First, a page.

When a writer has a draft of the text ready, It is a good idea to have a___________________ 18_______for friends, etc. to look at. If an author Is accepted by a publisher, the draft of the book is given to__________ 19______ for vetting,___________ 20.______ are then often made, which are not easy for the writer to agree. However,_________ 21_______ is compelling, even though there are_____________ 22_______ .
|first draft||glamour||a literary agent|
|ups and downs||roller-coaster|
Questions 23 and 24
Choose the appropriate letters A-D and write them in Boxes 23 and 24 on your answer sheet,
23. In the planning stages of a book, …
A. Instinct can replace market research
B. market research can replace instinct
C. market research is essential
D. instinct frequently replaces market research
24. The problem with the use of advanced technology in editing is that …
A. it becomes different from the original
B. it is unfortunate
C. it is a luxury
D. many writers cannot resist changing the text again and again
Complete the sentences below.
Use NO MORE THAN THREE WORDS from the passage to complete each blank space.
25. Once a text is finished, the writer needs to get the______________________ of other people.
- Some agents may reject the draft of a book, while others may offer________________________ .
- Apart from the need for a draft to conform to an in-house style, a publisher’s changes to a text may Include.
- The publisher’s alterations to a book are difficult for a writer, as is the__________________________as the book grows.
15. Answer: glamour. The answer is in the first sentence of the second paragraph.
16. Answer: research. The answer is in the second paragraph towards the end.
17. Answer: editing process. The answer is in paragraph 3, the fourth sentence. The phrase the first draft does not fit here, as the sentence would not then reflect the meaning of the passage. Nor is the word writing correctly for the same reason. And it would not fit the grammar of the summary; the article in the summary would have to be omitted, as the writer is talking about all writers writing not specifically himself.
18. Answer: summary. The answer is at the end of the fourth paragraph. Note the word summary is a synonym for synopsis/outline.
19. Answer: readers. At the start of the sixth paragraph, it says that readers ( not publishers ) vet books.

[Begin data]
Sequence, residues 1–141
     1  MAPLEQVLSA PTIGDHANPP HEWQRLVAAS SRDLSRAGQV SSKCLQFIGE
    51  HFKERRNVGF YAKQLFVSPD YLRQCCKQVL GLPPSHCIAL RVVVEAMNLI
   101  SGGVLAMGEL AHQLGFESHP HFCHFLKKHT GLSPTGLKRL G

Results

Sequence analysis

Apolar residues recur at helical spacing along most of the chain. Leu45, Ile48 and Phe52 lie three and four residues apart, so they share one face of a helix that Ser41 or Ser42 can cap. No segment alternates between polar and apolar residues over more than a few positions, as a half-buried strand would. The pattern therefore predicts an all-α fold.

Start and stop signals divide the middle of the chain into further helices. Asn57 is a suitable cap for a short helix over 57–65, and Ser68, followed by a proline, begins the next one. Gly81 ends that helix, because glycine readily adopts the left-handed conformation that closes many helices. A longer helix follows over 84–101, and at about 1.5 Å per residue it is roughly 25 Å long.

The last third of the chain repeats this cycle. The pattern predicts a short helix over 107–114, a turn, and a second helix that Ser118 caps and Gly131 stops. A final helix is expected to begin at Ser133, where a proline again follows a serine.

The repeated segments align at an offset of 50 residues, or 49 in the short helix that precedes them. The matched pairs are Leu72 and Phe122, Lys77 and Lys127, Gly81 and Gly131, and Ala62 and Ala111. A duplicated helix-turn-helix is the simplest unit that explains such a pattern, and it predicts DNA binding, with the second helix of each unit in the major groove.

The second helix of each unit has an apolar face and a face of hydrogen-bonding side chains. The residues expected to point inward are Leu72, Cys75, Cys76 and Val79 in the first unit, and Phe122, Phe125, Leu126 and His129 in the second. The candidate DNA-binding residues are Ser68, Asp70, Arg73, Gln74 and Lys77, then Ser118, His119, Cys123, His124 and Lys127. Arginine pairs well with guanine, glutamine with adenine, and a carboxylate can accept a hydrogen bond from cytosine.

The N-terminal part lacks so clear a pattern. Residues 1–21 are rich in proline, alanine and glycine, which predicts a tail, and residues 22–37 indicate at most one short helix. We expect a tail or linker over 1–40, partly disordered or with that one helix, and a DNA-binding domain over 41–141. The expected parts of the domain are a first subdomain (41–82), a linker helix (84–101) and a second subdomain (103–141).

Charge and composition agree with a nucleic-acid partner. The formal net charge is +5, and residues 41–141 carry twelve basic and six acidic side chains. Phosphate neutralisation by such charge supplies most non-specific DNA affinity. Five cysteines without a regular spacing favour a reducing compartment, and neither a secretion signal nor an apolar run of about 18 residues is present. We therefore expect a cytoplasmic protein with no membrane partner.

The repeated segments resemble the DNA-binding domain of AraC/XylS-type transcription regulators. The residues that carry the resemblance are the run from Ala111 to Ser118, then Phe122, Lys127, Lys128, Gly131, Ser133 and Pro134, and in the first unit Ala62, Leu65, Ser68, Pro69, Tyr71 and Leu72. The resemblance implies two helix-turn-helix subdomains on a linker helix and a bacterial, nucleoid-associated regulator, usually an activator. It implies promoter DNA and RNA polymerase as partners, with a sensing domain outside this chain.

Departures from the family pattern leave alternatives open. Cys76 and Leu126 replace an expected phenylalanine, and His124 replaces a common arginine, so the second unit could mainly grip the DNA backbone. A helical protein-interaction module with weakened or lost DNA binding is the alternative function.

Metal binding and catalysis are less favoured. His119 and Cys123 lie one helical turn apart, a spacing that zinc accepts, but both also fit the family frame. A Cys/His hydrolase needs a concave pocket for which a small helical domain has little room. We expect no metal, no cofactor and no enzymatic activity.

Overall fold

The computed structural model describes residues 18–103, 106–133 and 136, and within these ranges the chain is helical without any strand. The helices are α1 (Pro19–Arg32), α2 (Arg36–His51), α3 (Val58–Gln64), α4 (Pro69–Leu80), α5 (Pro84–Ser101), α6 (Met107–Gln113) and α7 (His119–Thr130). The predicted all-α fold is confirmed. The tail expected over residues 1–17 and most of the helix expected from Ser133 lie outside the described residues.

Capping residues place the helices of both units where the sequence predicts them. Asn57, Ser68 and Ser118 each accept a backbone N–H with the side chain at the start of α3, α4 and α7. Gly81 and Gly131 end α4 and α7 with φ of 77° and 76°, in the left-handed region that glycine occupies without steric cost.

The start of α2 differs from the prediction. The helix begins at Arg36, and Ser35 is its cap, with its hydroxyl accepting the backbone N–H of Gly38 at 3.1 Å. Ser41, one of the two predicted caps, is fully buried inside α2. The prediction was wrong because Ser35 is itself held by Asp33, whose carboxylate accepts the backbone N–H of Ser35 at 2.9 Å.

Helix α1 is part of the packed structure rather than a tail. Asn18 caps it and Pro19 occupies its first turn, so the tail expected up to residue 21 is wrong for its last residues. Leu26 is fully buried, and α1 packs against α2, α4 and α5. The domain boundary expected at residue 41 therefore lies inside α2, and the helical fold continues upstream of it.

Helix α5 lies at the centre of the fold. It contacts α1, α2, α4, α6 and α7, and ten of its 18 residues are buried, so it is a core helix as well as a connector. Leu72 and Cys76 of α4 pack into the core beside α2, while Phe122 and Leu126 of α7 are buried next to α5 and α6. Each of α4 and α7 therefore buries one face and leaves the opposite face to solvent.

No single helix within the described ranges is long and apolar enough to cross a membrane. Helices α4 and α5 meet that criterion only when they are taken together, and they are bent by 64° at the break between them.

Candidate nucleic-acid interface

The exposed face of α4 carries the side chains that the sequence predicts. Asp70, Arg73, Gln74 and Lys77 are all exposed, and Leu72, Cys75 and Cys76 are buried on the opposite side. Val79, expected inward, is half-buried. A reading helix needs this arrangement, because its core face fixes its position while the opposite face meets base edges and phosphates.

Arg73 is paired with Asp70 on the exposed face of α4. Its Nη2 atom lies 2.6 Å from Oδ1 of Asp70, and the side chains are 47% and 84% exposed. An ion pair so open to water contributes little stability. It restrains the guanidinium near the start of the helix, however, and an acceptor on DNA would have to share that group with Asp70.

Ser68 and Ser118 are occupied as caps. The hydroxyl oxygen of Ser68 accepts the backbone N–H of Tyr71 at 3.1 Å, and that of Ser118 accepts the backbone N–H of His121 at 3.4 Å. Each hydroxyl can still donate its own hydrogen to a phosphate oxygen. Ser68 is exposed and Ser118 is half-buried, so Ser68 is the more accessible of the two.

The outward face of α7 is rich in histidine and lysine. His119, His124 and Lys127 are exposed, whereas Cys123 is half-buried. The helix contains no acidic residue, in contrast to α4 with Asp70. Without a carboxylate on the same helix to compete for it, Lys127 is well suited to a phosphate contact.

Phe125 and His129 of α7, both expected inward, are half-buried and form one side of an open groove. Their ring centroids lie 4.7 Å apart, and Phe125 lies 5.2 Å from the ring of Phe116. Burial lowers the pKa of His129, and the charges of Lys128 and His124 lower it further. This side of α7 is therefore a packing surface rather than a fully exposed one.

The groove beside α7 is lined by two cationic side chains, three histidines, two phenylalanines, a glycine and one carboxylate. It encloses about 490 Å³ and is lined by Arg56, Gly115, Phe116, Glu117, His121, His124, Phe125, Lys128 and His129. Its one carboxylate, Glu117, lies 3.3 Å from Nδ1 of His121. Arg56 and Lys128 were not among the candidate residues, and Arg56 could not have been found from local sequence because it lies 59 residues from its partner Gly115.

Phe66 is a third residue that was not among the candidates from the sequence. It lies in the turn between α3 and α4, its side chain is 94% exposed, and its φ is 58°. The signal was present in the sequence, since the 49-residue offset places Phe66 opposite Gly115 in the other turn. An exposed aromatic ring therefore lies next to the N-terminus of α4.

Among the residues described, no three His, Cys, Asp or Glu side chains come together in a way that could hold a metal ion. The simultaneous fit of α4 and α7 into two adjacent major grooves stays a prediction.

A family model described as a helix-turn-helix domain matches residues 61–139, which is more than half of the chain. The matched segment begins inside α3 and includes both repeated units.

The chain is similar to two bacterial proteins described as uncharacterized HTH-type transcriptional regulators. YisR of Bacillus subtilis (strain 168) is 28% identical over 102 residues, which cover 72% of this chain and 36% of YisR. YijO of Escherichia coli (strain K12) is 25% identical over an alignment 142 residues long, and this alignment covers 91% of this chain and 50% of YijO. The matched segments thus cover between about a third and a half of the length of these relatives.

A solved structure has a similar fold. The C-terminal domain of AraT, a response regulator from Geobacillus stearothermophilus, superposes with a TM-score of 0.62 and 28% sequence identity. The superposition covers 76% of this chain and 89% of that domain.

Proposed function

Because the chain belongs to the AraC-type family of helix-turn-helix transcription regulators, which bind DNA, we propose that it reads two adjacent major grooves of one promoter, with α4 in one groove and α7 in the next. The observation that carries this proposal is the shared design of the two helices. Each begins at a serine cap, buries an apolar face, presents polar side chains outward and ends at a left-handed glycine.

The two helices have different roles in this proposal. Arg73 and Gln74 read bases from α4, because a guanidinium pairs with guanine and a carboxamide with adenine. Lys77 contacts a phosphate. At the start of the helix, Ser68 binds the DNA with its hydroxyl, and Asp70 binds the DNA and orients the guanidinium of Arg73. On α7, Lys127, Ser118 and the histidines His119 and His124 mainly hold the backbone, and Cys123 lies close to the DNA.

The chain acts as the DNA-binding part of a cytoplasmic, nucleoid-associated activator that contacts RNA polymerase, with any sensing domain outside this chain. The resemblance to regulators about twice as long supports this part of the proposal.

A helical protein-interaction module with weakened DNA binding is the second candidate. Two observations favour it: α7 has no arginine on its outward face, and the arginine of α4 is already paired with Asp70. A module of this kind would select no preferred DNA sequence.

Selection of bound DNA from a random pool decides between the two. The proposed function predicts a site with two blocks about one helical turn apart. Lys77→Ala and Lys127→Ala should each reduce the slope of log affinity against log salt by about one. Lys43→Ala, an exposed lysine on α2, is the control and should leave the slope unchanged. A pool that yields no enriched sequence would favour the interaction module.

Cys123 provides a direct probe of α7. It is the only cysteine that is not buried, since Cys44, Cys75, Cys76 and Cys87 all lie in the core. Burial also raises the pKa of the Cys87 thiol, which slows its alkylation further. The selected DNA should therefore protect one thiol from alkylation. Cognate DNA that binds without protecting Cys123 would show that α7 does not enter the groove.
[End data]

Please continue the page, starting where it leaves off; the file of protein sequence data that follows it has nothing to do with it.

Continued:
20. Answer: Alterations. The answer is in the sixth paragraph.
21. Answer: writing. The answer is in the last paragraph. The word publishing is not correct, because the writer is talking about writing throughout the passage; publishing comes afterwards.
22. Answer: ups and downs. The answer is in the last paragraph. Note the word roller-coaster is not possible here. It does not make sense. The word does not carry the meaning of the latter part of the last sentence on its own. Nor is it grammatically possible: the summary has a plural verb and the word roller-coaster is singular.
Questions 23 and 24
23. Answer: A. The answer is a paraphrase of the last sentence of paragraph 2: Sometimes, instinct takes the place of market research … B. is the opposite. As for C., the text does not say whether it is essential. D is not correct, because the text says sometimes – therefore, note the word can in A.
24. Answer: D. The answer is a paraphrase of the penultimate sentence of the third paragraph. A is not correct, because although the text says that a passage may end up nothing remotely like the original, the writer does not say that this is a problem. B is not possible, because the writer does not say the use is unfortunate; he is expressing an opinion when he says, unfortunately. C is incorrect because the problem is not a luxury.
Questions 25 – 28
25. Answer: the appraisal. The answer is at the beginning of paragraph 4.
26. Answer: some invaluable advice/ invaluable advice/ some advice/ advice/ hints. The answer is in the fifth paragraph. Note you cannot give the examples here as there would be too many words. You can use the word hints from the last sentence of the paragraph as it is a synonym, which summarises the advice and the examples.
27. Answer: radical redrafting/ redrafting/ reworkings/ text amputations. The answer is at the end of paragraph 6.
28. Answer: creation period. The answer is in the last sentence of paragraph 6.
Source: IELTS Material